I like to think I wasn't a total fool for going out of state, though. Florida colleges like University of Florida and University of Miami are well-respected. But they aren't nearly as rigorous as I wanted them to be, and I had in my mind that if I went to a better school, debt wouldn't matter because I got the education I wanted and the experience (out of state) I probably needed. I was sorta right. But now, even at this better school, there are so many students who go here who could have made it into any ivy-league they wanted, but stayed because they received in-state tuition. While they're lucky, because the academic rigor here is better here (in VA) than it is in Florida, I realize now I should have done the same and stayed in-state.
    While everyone at my high school was pressuring to go to places like Berkeley, Davis, Stanford, or UCLA, I was one of the few who thought a community college>transfer was a better idea. Then again, quite a lot of the people in my area were practical about it. Some who could easily get into the high ranking UCs just chose not to until they have exhausted all the courses they can take to transfer.

    I'm one of those who chose the cheap route. That is, I went to a community college for two years, and am now in a "respectable" four year college and am about to graduate. Both of them in-state and near where I live. Once I graduate, I could end up in graduate school if I wanted to (don't bet on it until I've gotten enough experience in the job where I feel graduate school will broaden my horizons.).

    If I am lucky, I wouldn't need to own a dime in predatory loans.

    Can't say the same for people who are in 50k+ debt, can't find a job, and can't find leniency (because they can't.)

  5. #5
    No moss growing on me Giggly's Avatar
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    Default

    It's quite worrisome.

    I'm curious what the resolutions will be. Maybe having to qualify with GPA and major in the future.

  6. #6
    Administrator highlander's Avatar
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    I am worried about people defaulting on their loans and economic consequences. The cost keeps going up more rapidly than inflation and the loans are getting bigger and bigger. Seems like we are hurtling foward towards a problem.

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  7. #7
    Senior Member cafe's Avatar
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    Yeah, it's going to be a problem, IMO, probably a big one. Wages have been stagnant for ages and underemployment is a big problem.

    People my age (GenX) were told all our lives that graduating from college pretty much guaranteed a comfortable life and many of us didn't know any better than to believe it and took the bait. I think the tail end of this generation are starting to see it for the trap it is, but that's still a lot of people.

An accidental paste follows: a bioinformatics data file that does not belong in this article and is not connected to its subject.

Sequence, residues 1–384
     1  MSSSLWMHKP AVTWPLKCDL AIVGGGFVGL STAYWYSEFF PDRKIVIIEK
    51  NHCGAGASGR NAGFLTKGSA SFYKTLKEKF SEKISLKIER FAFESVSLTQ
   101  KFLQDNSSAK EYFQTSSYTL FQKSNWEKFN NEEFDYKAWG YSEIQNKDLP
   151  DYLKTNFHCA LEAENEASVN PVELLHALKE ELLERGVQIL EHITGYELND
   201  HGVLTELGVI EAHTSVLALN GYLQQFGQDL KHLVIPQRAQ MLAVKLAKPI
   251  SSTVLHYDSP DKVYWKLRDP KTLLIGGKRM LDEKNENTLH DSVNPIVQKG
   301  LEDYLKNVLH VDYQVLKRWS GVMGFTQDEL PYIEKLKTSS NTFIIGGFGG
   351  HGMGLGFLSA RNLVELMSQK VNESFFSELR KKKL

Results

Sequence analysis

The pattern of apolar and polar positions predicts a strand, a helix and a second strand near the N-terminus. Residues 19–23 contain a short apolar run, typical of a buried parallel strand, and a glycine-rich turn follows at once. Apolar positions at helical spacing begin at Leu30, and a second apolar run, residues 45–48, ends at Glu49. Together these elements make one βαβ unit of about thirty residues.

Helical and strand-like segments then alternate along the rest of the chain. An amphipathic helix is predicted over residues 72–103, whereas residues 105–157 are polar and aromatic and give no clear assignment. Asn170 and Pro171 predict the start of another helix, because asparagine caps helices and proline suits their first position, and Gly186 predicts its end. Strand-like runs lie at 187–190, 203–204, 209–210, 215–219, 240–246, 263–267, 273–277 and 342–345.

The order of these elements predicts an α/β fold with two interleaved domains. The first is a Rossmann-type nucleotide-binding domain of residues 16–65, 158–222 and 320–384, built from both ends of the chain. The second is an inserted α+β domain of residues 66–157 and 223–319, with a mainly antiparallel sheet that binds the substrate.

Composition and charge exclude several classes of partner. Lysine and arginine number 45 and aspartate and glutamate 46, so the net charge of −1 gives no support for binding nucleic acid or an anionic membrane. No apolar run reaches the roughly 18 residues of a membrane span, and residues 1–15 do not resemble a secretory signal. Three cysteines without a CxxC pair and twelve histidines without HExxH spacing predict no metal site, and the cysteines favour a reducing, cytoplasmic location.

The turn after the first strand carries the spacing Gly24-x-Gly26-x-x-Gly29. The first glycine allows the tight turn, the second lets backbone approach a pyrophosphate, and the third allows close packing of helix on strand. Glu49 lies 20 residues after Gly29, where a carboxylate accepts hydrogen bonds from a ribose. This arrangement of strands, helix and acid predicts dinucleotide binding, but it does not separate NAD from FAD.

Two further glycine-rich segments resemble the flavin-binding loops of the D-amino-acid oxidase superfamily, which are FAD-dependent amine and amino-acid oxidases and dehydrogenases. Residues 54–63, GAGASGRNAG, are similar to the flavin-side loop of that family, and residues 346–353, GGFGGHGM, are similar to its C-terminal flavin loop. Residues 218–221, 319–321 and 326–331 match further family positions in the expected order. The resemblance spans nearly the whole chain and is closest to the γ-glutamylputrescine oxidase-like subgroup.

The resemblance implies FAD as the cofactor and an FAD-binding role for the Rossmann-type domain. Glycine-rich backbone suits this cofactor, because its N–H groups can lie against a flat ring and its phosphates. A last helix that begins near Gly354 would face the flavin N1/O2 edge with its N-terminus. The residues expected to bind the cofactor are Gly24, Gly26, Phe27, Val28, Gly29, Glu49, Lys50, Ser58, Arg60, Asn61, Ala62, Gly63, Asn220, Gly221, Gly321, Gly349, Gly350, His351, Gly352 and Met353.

Many will default or be forgiven via IBR and others will pay the loans, but delay their lives in order to do so. They will not get married, buy homes, have kids, etc until much later, if at all.

    If my husband and I pay off our loans, it will be because of some kind of unexpected miracle. We've strongly discouraged our kids from going into debt to go to school. The girls seem to have taken it to heart. The boys only care about video games, so I do not know how that's going to work out.
    “There are two novels that can change a bookish fourteen-year old’s life: The Lord of the Rings and Atlas Shrugged. One is a childish fantasy that often engenders a lifelong obsession with its unbelievable heroes, leading to an emotionally stunted, socially crippled adulthood, unable to deal with the real world. The other, of course, involves orcs.”
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  8. #8
    IRL is not real Cimarron's Avatar
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    Our (the younger) generation was aware it was a problem, and I'm glad more people are taking notice of its seriousness now.
    You can't spell "justice" without ISTJ.

  9. #9
    Carerra Lu IZthe411's Avatar
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    Default

    We live in a World economy- so little Jonny and Jane's American dream depends on the economic success of Europe and Asia- forces we can't control despite repeated efforts.

    Of course, these aren't the only problems in today's higher education financial crisis. Many colleges and universities are failing at their most basic responsibility: education. Students are graduating ill-equipped for the needs of the modern workforce. More than half of all college graduates in 2010-11 were unemployed or dramatically underemployed. Many employers rate college graduates today as unprepared or only somewhat prepared for the job.
    Amen here- The children of parents who 'wouldn't do to their own children what was done to them by their parents" are grown, and the fruits of a 'me first' upbringing are apparent. It's also the K-12 education as well- pre-packaged, not learning for the sake of learning, only to meet some kind of metric (financially motivated usually).


    But above all, American society at large must stop pushing the notion that everyone should, or deserves, to go to a four-year college. It took a recession and massive taxpayer bailout for Americans to realize that not everyone should, or deserves, to own a home. We can't afford to learn this lesson the hard way again.
    The American dream is just that. To play it out in reality- at worse, to force it- has caused grand scale problems. It's more of a nightmare.

  10. #10
    mrs disregard's Avatar
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    I have been friends with many a coworker that has been spoiled by attending a four year university and expects not to have to work hard at an hourly job (because it's beneath them of course!). Here I am with my AA degree, have no plans for higher education, and I am a manager with my own desk and office. Hard work pays off, not privilege.

    The "I want" attitudes I've come across are astounding.